Opinion: Kim Jong wins the first round against US, South Korea

North Korea criticised Trump for 'revealing hostility' toward the country and reasserted that it would defend itself and deter the threat with its 'nuclear force'. Photograph:( ANI )

New Delhi, Delhi, India Mar 08, 2018, 05.42 AM (IST) Amb. Vishnu Prakash

The dramatic developments in the Korean Peninsula, over the last few weeks, read like pages of a racy thriller. In a span of just two months, the breeze of détente instead bugle of conflict, has begun to blow. Gone are the threats of death and destruction, replaced by the soothing sound of dialogue, peace and reason. No wonder the Korean theatre has always had observers rivetted.

Consider the following. Out of the blue on January 1, Kim Jong-un (KJU) offered to South Korea (ROK) talks and participation in PyeongChang winter Olympics. The latter acted with equal alacrity and, within weeks, the North and South teams were seen marching together under a common unification flag. 

Next, in a deft move, KJU despatched his younger sister Kim Yo-jong with a personal letter of invite to President Moon, for a summit meeting. In the process, she became the first member of the Kim clan to set foot on the South Korean soil. In no time, she had South Koreans swooning over her ‘poise, smile, simplicity, dignity’ and numerous other accolades that the smitten media showered on her. She did not utter a word in public, shook hands with Vice President Pence and held a luncheon meeting with President Moon. It was a PR coup for Pyongyang.

No sooner had she gone back and the winter games ended that a return visit of ROK special envoys was announced. A five-member delegation led by NSA Chung Eui-yong and including the head of Korean CIA Suh Hoon, arrived in Pyongyang on 5th March. 

They met the portly and reclusive North Korean leader over dinner. Hitherto, during his six-year rule, KJU had never emerged for a meeting with a visiting foreign leader or delegation. Setting aside protocol (as the guests were without their spouse) and contrary to Korean custom, KJU also had his wife participate in the dinner. He was clearly on a charm offensive towards his southern neighbour. An enigma herself, she has been a subject of unrelenting speculation in ROK.  

The sides have since announced a summit at the end of April at the peace village in DMZ. North Korea (DPRK) now ‘understands’ that the forthcoming US-ROK annual joint military exercise will take place. The visitors were assured that there would be no further provocations by DPRK, for the time being. And what’s more, KJU agreed to unconditional talks with the US and even dangled the carrot of denuclearisation if his regime’s security is guaranteed. 

President Trump was prompt to tweet –‘Possible progress being made in talks with North Korea. For the first time in many years, a serious effort is being made by all parties concerned. The World is watching and waiting! Maybe false hope, but the U.S. is ready to go hard in either direction!’ USA and ROK have been trying to present a united facade, but they are far from being on the same page. Trump has little patience for diplomacy and Moon is wary of his temperamental American counterpart.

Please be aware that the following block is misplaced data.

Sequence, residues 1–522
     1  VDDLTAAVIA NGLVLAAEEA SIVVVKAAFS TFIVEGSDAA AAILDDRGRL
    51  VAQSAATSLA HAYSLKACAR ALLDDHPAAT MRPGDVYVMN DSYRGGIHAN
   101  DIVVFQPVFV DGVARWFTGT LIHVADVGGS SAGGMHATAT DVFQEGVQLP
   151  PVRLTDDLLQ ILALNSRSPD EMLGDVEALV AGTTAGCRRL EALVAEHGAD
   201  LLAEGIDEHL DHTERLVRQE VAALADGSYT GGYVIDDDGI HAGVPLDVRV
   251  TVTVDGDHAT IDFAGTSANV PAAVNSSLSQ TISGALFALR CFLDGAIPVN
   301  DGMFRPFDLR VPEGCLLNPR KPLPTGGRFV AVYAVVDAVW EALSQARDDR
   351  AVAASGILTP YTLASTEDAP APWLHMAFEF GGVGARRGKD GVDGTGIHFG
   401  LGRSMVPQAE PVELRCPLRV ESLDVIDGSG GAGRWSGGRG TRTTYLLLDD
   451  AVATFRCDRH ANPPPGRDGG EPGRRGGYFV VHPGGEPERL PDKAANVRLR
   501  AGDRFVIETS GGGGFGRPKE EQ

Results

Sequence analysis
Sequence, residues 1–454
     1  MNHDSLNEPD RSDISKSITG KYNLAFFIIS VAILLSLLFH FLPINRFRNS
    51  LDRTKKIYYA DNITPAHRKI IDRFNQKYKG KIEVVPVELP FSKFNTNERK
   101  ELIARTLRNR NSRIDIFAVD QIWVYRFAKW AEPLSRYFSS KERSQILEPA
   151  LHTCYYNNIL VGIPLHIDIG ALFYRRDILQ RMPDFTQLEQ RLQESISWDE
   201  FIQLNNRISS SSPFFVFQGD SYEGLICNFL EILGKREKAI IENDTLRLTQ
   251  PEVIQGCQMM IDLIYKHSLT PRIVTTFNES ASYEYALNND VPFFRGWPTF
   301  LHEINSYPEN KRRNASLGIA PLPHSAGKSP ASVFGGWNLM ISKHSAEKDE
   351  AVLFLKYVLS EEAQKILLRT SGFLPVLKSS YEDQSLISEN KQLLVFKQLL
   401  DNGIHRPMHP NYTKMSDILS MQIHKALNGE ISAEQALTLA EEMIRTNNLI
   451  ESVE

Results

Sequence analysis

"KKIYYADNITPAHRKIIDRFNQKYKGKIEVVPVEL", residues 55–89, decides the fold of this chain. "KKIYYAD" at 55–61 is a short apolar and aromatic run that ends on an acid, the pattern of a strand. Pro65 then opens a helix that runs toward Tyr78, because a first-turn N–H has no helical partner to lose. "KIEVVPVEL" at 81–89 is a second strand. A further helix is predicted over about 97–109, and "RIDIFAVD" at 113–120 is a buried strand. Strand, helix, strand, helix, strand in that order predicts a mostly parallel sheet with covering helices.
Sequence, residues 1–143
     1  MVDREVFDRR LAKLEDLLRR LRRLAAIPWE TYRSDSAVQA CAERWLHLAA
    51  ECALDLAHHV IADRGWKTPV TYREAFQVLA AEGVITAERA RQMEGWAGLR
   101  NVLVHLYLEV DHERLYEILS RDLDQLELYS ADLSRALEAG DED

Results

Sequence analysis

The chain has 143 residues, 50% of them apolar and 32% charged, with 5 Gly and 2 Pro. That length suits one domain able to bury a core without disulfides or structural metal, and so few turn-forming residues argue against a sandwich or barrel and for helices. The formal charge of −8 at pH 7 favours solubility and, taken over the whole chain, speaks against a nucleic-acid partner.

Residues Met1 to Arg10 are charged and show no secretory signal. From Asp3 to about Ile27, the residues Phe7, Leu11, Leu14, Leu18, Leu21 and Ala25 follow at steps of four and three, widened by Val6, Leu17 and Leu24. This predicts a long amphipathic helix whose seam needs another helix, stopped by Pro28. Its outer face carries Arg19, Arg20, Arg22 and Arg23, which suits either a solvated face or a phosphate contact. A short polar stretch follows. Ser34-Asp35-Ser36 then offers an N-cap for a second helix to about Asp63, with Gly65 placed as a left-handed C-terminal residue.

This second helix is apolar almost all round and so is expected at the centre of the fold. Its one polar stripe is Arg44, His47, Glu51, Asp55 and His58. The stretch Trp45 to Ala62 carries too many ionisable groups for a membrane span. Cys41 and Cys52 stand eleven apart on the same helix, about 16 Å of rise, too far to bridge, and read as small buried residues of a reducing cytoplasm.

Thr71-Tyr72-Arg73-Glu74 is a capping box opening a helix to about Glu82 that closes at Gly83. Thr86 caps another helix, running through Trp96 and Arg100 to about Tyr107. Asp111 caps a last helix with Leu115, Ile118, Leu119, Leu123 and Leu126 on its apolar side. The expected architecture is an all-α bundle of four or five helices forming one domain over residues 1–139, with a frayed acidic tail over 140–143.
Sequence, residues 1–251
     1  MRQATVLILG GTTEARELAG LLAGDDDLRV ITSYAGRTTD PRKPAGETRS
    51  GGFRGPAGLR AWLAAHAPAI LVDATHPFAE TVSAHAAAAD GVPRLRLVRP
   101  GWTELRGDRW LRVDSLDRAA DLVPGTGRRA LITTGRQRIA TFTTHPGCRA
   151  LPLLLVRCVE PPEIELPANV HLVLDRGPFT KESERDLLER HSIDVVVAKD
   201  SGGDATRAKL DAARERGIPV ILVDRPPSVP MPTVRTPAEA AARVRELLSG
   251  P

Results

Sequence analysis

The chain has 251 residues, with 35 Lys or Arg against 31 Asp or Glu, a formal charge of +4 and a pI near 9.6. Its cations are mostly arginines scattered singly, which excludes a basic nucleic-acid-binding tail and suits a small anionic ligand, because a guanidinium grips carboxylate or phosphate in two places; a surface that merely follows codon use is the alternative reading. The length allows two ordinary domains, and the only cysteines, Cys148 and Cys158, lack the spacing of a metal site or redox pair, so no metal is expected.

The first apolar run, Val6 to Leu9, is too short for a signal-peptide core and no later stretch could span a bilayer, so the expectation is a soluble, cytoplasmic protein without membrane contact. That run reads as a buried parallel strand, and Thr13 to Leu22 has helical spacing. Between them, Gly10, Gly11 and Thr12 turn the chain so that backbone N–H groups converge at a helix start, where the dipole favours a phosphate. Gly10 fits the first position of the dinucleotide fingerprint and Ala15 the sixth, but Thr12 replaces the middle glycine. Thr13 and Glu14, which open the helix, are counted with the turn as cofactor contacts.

It may be recalled that quite recently North’s official newspaper Rodong Sinmun had thundered – ‘Hoping that the DPRK would abandon its nuclear programs is as foolish an act as trying to wish seas to get dried up’. (Japan Times, March 5, 2018).  KJU trusts no one and no nation, other than his WMD arsenal and own instincts, honed by three generations of Kims during their 65-year-long uninterrupted reign. 

Pyongyang has also drawn the requisite lessons from the fate that had befallen Saddam Hussain and Qaddafi, one of which is that WMD is the insurance for survival. Thus, no security guarantee would be good enough for him. 

Then why this huge climbdown? The noose of sanctions had begun to tighten. The squeeze had begun hurting DPRK’s fragile economy. The nation’s diplomatic isolation was growing. A number of countries had downgraded ties. The Chinese lifeline was becoming tenuous. Hence, there was an urgent need to deflect pressure, buy time and make a pitch for easing sanctions and humanitarian assistance. Somehow a wedge had to be driven between ROK and USA. And what better way than to offer a summit to President Moon, as no ROK leader can resist the temptation of making history.

All this sounds surreal? Yes, because it is indeed too good to be true. The only imponderable is whether the deceptive thaw will last weeks or months. Nevertheless, this round squarely goes to Kim Jong-un. 

 

(Disclaimer: The opinions expressed above are the personal views of the author and do not reflect the views of ZMCL) 

 

 

Amb. Vishnu Prakash

Vishnu Prakash has been Ambassador of India to Republic of Korea and Indian High Commissioner to Canada